Gabrielle Jamela Hosein is a feminist, activist, poet and Lecturer at the University of the West Indies, St. Augustine, Trinidad and Tobago.
By Gabrielle Jamela Hosein
The 2010 Trinidad and Tobago general election campaign is worth remembering for several reasons. It is the first campaign where an attack on the glass ceiling is being seriously waged, and where the nation may make history by electing a female, Indian Prime Minister. It is the first time in Trinidad’s post-independence history that a coalition of four political parties and a union are battling for power on a unified platform, fully aware that the population is still hurting from cleavages in the 1986 coalition government of the National Alliance for Reconstruction (NAR). Finally, it is the first time since 1956 that a People’s National Movement (PNM) government has collapsed so quickly, with no explanation by the Prime Minister, so early in its term. Yet, by far, the most memorable thing about this election, and its campaigns, is ‘the Villafana.’ Caribbean people everywhere will love this story. The Villafana is a pose. It has become a dance. It is a symbol that needs no words. The ‘massive’ at rallies enact it simultaneously, making Jamaica’s choreographed passa passas look small and scraggly. It is inspiration for an exceptional Caribbean-style take-off on the Obama campaign slogan, ‘Yes We Can.’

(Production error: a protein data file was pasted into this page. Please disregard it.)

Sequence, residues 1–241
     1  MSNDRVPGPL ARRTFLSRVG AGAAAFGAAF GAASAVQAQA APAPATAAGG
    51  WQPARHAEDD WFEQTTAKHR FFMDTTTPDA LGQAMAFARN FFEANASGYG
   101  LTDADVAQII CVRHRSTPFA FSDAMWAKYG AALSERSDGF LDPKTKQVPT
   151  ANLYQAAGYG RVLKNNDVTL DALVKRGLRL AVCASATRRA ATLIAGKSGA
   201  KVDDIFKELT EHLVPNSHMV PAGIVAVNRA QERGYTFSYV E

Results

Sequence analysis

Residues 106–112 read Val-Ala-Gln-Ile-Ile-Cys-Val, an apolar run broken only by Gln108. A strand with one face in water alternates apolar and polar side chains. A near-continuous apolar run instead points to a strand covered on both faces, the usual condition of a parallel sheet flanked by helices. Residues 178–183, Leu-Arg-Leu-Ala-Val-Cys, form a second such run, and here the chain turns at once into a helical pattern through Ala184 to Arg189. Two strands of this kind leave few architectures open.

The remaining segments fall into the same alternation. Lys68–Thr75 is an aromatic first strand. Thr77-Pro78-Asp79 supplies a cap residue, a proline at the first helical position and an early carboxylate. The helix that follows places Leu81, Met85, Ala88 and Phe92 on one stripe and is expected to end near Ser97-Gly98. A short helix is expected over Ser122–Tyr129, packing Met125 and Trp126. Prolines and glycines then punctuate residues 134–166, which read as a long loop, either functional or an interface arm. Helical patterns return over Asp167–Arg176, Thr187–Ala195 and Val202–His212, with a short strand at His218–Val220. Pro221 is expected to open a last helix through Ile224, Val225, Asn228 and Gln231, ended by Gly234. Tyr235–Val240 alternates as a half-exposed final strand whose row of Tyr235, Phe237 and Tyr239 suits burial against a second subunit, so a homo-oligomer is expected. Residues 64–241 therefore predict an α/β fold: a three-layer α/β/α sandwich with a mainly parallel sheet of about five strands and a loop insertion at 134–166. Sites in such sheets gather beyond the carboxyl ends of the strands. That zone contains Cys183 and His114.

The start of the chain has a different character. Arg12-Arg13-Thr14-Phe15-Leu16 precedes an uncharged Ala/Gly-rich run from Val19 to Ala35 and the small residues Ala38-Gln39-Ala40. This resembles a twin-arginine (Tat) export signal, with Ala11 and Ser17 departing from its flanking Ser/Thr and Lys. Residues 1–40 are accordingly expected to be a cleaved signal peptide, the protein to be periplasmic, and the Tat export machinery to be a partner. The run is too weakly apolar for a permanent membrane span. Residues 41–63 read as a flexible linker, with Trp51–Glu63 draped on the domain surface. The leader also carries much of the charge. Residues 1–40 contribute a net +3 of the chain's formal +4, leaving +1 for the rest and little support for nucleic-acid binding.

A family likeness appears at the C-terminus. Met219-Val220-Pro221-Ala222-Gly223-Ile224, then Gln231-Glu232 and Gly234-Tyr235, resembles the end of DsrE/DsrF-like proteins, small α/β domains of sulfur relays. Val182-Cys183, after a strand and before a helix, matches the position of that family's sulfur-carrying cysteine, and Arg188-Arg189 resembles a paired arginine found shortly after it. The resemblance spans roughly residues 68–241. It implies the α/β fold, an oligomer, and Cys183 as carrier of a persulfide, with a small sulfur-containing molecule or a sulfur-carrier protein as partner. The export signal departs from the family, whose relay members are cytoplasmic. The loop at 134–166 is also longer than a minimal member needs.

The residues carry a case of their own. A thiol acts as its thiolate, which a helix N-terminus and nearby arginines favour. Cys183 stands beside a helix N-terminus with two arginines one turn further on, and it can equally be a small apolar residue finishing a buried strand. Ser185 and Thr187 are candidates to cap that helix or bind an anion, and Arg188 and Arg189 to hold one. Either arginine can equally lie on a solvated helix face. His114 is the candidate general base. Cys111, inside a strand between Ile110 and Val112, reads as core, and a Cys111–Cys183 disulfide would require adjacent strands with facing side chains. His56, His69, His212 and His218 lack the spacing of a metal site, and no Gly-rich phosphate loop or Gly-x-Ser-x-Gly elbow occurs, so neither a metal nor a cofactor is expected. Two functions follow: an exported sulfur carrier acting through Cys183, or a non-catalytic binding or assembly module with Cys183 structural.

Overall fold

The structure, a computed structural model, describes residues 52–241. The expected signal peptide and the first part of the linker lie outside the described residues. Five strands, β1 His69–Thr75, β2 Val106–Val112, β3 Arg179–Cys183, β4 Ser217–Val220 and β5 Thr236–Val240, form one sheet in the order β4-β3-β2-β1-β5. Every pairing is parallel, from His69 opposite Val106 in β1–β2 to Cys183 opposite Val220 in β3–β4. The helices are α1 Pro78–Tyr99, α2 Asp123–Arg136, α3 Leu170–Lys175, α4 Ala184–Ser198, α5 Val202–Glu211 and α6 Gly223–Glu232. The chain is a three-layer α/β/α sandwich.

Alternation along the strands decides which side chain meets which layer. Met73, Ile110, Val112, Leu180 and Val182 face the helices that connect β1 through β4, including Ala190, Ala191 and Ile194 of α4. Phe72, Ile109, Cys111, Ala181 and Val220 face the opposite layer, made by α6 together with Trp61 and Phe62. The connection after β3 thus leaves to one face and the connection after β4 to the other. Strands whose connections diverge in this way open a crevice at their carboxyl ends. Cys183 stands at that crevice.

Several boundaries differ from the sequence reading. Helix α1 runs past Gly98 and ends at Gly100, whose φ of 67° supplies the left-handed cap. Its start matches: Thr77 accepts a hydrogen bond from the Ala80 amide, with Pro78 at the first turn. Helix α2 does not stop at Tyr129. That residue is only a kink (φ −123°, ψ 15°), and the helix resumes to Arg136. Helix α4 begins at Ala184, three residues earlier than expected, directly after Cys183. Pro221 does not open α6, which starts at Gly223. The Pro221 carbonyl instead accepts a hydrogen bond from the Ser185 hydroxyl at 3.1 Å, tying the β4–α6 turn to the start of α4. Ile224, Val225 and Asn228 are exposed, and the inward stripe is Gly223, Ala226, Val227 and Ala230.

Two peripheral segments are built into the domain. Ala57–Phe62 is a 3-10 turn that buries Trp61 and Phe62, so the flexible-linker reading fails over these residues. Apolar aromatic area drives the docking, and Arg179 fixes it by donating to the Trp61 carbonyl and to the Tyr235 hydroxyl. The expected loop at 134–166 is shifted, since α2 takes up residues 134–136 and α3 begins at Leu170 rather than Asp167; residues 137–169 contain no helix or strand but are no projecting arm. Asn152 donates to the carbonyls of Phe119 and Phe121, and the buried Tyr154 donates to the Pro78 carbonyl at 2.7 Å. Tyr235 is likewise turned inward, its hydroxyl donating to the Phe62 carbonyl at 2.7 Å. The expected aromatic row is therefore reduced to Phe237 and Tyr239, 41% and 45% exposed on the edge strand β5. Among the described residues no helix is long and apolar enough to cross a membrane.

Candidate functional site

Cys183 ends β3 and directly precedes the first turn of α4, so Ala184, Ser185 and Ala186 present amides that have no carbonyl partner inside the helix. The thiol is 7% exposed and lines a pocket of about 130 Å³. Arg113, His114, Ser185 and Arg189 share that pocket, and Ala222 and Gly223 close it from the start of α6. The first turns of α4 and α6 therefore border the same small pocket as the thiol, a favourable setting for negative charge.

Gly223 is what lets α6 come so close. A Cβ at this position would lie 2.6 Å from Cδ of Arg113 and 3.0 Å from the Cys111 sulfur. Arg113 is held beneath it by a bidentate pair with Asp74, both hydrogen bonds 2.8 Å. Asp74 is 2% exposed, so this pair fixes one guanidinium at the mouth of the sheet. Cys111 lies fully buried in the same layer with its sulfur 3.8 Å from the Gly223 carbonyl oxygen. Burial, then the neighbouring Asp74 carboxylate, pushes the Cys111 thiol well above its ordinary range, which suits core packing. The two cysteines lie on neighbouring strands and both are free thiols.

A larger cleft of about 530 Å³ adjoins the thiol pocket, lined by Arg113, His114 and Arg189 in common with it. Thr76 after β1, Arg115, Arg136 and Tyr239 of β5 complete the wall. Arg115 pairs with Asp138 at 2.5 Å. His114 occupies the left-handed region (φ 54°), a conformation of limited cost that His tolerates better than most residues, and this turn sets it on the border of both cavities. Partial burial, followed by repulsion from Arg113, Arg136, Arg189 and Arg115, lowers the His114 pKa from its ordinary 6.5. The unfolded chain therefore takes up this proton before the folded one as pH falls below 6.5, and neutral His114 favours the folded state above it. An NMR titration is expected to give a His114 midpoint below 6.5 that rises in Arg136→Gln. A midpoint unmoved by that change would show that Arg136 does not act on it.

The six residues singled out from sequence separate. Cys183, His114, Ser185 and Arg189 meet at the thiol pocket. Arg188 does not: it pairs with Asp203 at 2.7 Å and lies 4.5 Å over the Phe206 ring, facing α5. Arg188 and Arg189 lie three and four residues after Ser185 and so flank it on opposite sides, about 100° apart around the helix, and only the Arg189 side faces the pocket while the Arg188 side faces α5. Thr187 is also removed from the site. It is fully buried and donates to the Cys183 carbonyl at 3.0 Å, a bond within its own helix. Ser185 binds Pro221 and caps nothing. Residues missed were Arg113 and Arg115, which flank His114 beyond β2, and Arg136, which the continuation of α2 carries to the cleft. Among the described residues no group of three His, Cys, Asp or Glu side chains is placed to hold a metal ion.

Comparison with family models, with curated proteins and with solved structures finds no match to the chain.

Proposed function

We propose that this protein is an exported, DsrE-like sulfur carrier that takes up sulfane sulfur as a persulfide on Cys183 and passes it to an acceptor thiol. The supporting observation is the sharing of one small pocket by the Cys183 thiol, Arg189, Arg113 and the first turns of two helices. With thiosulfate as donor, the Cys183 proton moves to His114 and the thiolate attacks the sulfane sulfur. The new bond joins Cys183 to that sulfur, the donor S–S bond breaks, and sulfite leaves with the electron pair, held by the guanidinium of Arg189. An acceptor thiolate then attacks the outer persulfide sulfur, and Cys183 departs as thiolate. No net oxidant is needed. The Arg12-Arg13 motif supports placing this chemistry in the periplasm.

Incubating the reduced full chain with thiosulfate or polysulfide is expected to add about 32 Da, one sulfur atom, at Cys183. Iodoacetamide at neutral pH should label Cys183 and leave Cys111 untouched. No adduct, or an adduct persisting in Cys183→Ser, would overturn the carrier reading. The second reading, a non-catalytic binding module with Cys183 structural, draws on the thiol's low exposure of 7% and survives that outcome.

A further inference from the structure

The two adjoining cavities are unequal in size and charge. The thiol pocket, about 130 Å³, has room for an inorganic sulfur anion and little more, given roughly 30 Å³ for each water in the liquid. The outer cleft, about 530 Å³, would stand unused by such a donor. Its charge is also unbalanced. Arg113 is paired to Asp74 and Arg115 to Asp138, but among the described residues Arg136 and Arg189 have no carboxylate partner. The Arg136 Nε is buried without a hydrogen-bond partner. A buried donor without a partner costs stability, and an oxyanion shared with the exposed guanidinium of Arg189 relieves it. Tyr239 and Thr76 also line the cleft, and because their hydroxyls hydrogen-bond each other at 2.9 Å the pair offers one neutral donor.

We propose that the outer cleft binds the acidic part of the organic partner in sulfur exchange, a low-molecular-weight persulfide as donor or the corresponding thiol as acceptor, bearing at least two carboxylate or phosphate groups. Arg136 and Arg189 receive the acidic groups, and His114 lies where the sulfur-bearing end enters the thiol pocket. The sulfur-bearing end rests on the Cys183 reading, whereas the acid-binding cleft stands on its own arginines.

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May 4, 2010
Posted by Annalee Davis